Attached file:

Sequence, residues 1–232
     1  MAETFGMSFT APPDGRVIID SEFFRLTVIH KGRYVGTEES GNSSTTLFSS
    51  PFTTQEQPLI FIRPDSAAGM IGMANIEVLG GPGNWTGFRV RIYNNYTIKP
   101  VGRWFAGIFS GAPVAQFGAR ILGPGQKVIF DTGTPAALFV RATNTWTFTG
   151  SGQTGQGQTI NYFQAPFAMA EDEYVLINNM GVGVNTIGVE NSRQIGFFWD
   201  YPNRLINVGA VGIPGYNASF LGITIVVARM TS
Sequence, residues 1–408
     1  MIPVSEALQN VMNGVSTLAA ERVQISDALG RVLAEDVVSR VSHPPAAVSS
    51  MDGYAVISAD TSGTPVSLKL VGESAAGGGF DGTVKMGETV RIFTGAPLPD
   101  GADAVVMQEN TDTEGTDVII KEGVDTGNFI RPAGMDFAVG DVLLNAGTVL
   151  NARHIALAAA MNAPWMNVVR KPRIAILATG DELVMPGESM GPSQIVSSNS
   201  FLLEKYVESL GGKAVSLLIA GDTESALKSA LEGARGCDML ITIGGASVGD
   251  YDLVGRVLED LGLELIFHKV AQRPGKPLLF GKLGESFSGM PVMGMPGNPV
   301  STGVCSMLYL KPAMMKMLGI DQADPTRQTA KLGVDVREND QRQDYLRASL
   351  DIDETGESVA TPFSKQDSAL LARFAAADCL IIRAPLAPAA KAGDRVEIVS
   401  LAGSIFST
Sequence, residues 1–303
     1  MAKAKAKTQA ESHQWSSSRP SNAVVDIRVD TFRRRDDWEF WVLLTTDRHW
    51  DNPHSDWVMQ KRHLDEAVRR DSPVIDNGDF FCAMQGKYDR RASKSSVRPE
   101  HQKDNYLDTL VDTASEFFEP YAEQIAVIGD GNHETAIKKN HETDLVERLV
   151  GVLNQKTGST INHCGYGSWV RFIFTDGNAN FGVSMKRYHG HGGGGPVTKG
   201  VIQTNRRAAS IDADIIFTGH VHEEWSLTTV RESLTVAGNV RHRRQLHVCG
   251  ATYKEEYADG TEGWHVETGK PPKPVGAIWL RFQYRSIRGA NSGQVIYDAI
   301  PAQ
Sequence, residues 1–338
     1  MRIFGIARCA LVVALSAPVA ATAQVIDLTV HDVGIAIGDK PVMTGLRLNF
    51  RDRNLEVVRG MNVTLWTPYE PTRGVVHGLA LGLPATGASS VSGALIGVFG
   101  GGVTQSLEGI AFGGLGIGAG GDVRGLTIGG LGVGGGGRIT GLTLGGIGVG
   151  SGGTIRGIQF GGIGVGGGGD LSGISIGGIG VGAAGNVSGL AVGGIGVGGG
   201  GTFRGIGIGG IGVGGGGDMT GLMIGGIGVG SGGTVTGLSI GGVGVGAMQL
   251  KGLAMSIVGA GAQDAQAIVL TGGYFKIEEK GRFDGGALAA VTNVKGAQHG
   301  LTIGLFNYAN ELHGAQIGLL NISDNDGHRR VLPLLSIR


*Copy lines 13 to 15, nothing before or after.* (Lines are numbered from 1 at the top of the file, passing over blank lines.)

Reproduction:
   251  YDLVGRVLED LGLELIFHKV AQRPGKPLLF GKLGESFSGM PVMGMPGNPV
   301  STGVCSMLYL KPAMMKMLGI DQADPTRQTA KLGVDVREND QRQDYLRASL
   351  DIDETGESVA TPFSKQDSAL LARFAAADCL IIRAPLAPAA KAGDRVEIVS